Ms Laufiso was Co-Chair for the 25th Otago Polyfest in 2018, one of the biggest volunteer-run community events in New Zealand. She was involved with a collaborative project with the Art and Design Schools at Otago Polytechnic to produce banners for Otago Polyfest in 2012. She was a Trustee on the Board of the Otago Community Trust from 2013 to 2021, supporting the Trust to fund charitable purposes and provide grants to not-for-profit community groups. 

Ms Laufiso is an adviser on the University of Otago’s Secondary to Tertiary Transitions Project team and is involved with Dunedin City Council’s Ōtepoti Creative Workshop Development Committee, which aims to simplify and strengthen vocational pathways for secondary and tertiary students who want to work in the arts in Dunedin and Otago.

Trevor Kempton - For services to the arts and local government

Mr Trevor Kempton has contributed his business expertise to support the arts on a voluntary basis.

Mr Kempton has had a long-term involvement with Brass Bands as a player and held administrative and leadership roles with Kaikorai Metropolitan Brass and St Kilda Brass. He served as a National Executive Member of the Brass Bands Association of New Zealand, focusing on youth development and sustainability. He chaired the Southern Brass Academy from inception in 2007 until 2011, actively supporting the Allbrassclass learning initiative, and is a Trustee of the Ken Smith Players Trust. 

He joined the Board of Choirs New Zealand from 2004, serving as a trustee and Chair. He led the negotiation of long-term funding through the Creative New Zealand Kahikatea programme improving the financial sustainability of the organisation. He is currently a trustee of the Choir’s foundation, a key Committee member of the Dunedin Community Music centre from 1994, focusing on its financial stability.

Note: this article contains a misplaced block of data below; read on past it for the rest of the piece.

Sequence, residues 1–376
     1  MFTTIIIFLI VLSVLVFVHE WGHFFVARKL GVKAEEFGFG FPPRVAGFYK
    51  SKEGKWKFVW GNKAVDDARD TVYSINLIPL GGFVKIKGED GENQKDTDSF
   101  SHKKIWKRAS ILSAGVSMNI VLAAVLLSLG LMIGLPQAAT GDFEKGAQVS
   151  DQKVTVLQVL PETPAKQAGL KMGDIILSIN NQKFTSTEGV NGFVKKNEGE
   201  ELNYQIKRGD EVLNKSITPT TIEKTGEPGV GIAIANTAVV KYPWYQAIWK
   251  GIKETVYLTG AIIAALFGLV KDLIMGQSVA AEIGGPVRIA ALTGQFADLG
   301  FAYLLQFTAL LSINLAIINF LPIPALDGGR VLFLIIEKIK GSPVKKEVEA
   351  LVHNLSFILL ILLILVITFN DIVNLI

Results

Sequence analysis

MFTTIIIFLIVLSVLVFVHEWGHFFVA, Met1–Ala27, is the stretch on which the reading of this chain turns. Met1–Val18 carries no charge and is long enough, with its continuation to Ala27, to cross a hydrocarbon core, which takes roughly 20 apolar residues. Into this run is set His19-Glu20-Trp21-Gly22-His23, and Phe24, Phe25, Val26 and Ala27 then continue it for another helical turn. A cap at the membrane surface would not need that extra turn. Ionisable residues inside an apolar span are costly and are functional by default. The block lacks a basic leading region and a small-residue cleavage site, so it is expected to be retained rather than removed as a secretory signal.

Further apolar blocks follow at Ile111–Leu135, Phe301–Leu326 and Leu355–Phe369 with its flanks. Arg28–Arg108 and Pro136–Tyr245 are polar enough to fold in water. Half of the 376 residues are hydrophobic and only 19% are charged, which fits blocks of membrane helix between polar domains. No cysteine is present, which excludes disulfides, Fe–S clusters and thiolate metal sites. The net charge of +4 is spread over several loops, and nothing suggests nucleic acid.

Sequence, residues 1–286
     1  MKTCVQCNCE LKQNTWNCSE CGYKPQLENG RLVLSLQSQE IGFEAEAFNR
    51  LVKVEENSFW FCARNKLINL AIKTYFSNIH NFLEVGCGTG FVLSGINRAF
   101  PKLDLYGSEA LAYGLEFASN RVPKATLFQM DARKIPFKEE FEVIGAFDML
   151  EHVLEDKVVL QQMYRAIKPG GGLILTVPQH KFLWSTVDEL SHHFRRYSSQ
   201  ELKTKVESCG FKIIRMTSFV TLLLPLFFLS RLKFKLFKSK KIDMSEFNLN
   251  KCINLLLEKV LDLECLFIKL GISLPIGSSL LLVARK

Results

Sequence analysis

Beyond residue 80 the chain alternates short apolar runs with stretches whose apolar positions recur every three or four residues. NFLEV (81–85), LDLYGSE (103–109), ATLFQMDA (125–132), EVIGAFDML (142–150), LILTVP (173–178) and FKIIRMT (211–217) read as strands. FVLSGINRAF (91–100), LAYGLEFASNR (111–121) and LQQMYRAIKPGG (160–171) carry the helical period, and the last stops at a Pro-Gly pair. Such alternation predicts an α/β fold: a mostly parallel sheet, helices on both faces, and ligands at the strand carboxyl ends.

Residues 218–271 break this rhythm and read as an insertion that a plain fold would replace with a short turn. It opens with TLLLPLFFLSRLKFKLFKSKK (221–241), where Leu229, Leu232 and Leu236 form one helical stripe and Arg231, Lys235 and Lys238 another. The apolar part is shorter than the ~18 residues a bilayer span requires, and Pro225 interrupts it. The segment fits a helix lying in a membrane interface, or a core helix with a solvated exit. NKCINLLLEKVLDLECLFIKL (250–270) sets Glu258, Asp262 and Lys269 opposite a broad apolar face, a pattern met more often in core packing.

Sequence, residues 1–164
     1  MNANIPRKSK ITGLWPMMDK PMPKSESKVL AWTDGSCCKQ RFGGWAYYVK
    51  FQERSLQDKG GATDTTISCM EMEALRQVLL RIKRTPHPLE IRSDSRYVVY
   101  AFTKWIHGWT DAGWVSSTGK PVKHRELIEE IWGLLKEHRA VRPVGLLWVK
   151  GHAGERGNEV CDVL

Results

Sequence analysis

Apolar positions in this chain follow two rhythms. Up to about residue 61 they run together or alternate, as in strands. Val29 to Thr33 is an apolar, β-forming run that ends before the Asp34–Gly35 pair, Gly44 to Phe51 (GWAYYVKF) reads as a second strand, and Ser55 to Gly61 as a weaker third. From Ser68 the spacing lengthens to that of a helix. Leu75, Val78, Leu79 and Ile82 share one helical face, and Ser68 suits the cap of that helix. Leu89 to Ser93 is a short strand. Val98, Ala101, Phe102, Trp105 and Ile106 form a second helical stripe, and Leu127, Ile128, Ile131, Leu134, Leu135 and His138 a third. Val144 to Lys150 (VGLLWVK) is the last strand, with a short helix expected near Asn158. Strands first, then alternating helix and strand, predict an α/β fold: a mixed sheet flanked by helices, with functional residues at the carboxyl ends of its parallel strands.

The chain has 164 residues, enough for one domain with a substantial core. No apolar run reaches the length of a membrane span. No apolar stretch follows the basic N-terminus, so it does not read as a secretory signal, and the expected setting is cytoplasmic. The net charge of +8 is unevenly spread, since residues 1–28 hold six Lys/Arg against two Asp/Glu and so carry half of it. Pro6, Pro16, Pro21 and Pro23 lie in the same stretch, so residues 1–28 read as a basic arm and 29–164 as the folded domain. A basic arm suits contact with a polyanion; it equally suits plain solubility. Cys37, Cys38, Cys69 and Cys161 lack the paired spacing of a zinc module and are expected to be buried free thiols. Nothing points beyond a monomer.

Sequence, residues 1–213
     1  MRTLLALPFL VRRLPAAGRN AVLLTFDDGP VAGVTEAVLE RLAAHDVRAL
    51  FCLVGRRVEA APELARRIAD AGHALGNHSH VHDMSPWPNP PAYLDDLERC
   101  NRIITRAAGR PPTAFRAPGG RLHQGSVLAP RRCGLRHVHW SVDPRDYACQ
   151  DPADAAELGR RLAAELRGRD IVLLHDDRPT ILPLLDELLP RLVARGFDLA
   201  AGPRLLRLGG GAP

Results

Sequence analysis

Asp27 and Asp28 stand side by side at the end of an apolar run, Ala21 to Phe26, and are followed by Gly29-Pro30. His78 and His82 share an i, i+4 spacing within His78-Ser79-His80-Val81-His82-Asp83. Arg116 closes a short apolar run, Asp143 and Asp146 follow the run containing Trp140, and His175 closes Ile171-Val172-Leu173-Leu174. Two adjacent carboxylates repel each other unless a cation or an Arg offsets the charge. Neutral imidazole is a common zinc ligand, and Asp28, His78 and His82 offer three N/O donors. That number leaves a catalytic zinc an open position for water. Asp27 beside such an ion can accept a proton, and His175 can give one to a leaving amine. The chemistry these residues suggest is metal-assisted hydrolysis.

He served as a trustee and Chair of the Dunedin Arts Festival, guiding the organisation through a period of considerable change. Mr Kempton served as an Otago Regional Councillor from 2010 to 2019, chairing the regional Transport Committee and helped re-establish Engineering New Zealand’s Otago Heritage chapter as its Chair in 2016.

Jane Sinclair - For services to art and education

Ms Jane Sinclair is a professional wildlife and landscape artist who has also taught painting for more than 30 years.

Ms Sinclair began painting architectural watercolours while studying architecture at the University of Auckland. She began exhibiting at the New Zealand Academy of Fine Arts in 1991, with her first solo show held there in 1995. Her teaching began at Inverlochy Art School from 1992 to 1995. She taught at several adult education and art centres in the Wairarapa from 1996, and has provided adult art education classes at the Masterton Art Club and private tuition in the Wairarapa region since 2010. 

She has exhibited at many art shows and galleries in both the Wairarapa region and nationally, including Aratoi Wairarapa Museum of Art and History, and the New Zealand Academy of Fine Arts for 20 years, which includes six solo exhibitions. Ms Sinclair served as President of the Masterton Art Club Inc from 2016 to 2018 and was the founding Chair of the ConArt Gallery and Studios Inc in Masterton from 2016 to 2021, an arts collective for Wairarapa artists to showcase their work and engage with visitors.

Tupe Lualua - For services to the arts   

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Tupe Lualua. Photo: Moana Palelei HoChing.

Ms Tupe Lualua is a dancer, choreographer, actor, director, producer and arts educator.

Ms Lualua helped establish Waka Ura Cultural Dance Company, who were awarded the Emerging Artist Award at the 2007 Creative New Zealand (CNZ) Arts Pacific Awards. From 2009 to 2019 she taught Samoan Performing Arts at Whitireia New Zealand, creating live works for performances in New Zealand, Europe, Asia and North America. In 2013, she founded Le Moana and created works such as Fatu Na Totō, 1918 and Purple Onion. These works toured internationally and won several awards at the San Diego International Fringe Festival.